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Kettle heats up battle against climate change

Kettle makes its debut today at the Lloyd’s Lab accelerator in London, but the Bermudian-based outfit is already well ahead of some of the other ten participants in the prestigious programme.

Kettle Limited celebrated its two-year anniversary on March 1 and has been licensed by the Bermuda Monetary Authority as an innovative intermediary since March 2021. Kettle Re Ltd is licensed by the BMA as a collateralised insurer.

The reinsurance start-up uses advanced deep learning to better protect people from the growing risks associated with climate change, such as California's wildfires.

Kettle's technology and proprietary algorithms use terabytes of data from public and private data sources, such as NOAA weather data and Nasa's Modis and Lidar satellites.

The company’s neural networks run more than 140 million model parameters to calculate probabilities of fire damage at the half square mile resolution across the state.

The organisation is well into its stride, the market having supported Kettle last November in a $25 million Series A financing round that was led by Acrew Capital, with participation from Homebrew, True Ventures, Anthemis, Valor, DCVC, and LowerCarbon Capital.

Kettle has 26 staff at its offices in Bermuda and California, with five on the island including co-founder and CEO Andrew Engler.

Mr Engler will attend the first week of the Lloyd’s initiative with three colleagues, and then staff will rotate through the ten-week programme.

He is a veteran of the Bermuda market, having spent nearly five years at the Argo Group as vice-president, digital product and machine learning.

Mr Engler said: “Bermuda is our home and where Kettle was born. The fact that we can bring Silicon Valley and London capital, combine it with the world’s best data scientists, and empower it with the world’s most innovative regulatory framework creates a new paradigm. Lloyd’s Lab is an accelerant to this vision.

“Our goal is simple: take the best talent in machine learning and climate science, and combine that with pools of capital to create a sustainable safety net against catastrophes.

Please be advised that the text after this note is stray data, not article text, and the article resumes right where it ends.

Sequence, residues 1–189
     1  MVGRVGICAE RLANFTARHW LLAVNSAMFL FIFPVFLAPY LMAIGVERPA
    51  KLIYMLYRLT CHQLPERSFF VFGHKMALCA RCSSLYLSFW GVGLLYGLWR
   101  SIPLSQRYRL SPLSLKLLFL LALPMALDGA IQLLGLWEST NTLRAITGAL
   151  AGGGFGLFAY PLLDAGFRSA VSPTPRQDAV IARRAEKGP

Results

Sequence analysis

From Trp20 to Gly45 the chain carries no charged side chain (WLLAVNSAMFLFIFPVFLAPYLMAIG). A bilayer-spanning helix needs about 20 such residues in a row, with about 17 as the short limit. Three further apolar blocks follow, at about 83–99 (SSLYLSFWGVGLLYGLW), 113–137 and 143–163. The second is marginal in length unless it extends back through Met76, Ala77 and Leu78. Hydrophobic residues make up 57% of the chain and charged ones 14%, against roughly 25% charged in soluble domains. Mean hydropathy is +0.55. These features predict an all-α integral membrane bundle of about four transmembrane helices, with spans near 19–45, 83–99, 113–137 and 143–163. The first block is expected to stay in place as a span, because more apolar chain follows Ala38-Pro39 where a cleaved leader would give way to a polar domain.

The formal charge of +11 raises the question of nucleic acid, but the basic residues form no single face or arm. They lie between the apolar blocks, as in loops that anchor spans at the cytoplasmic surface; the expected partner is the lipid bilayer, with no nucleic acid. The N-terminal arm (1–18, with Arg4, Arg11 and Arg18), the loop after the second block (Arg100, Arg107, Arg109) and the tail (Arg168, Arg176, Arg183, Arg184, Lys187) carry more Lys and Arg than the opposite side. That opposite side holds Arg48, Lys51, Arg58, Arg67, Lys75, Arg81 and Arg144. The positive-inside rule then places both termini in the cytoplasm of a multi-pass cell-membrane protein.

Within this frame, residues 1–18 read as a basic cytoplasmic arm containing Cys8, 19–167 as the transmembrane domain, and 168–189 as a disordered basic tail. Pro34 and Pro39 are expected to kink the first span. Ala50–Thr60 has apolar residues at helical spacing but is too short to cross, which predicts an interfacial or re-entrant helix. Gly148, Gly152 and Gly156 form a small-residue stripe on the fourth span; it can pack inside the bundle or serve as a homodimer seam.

“Just like we have been able to bring Silicon Valley attention and capital into the island and reinsurance industry, we look to increase momentum from the legacy that Lloyd’s has established in risk transfer capital.”

He added: “Given the size of the company and our growth, we are well past the traditional accelerator. We are a much more advanced play, which works well with the Lloyd’s Lab model.

“It’s a good opportunity to try to execute on a proof of concept. We have multiple current POCs in development with partners already at Lloyd’s, and the ten-week accelerated framework aligns perfectly with our execution speed.

“Lloyd’s provides one of the most efficient models for businesses seeking to scale up.

“Kettle is one of the most advanced teams in the world for understanding climate-driven events or catastrophic events. We are using leading-edge statistical, mathematical and quantitative modelling techniques.

“If you match Kettle with the Lloyd’s market, you would have a very powerful combination.”

Kettle’s approach is markedly different than that traditionally taken by insurers, who have looked to the past in an effort to predict the future.

But that approach is flawed for reasons related to climate change and anthropogenics – environmental change caused or influenced by people, either directly or indirectly, such as people living in coastal areas or areas where wildfires are prevalent, or other dangerous areas.

Mr Engler said: “It is no longer an optimal way of understanding tail events or catastrophic events, so there needs to be some advancement in the way it’s understood or analysed.”

The importance of Kettle’s approach was underlined by one of the company’s supporters at the time of November’s capital raise.

Lauren Kolodny, partner at Acrew Capital, said: "When you take a minute to think about it, it becomes very obvious why traditional reinsurers can't accurately underwrite climate risk – their methodologies look to the past.

"And our climate is changing in ways that can't be predicted on the basis of historical data.

“Kettle is solving a massive, global problem. And we're so thrilled to deepen our partnership with this incredible team."

Andrew Engler, left, on a panel at last month’s Bermuda Risk Summit. Also pictured are Prashanth Gangu of SiriusPoint and Josephine Noddings of law firm Appleby (Photograph by Blaire Simmons)

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Published April 25, 2022 at 7:58 am (Updated April 25, 2022 at 7:38 am)

Kettle heats up battle against climate change

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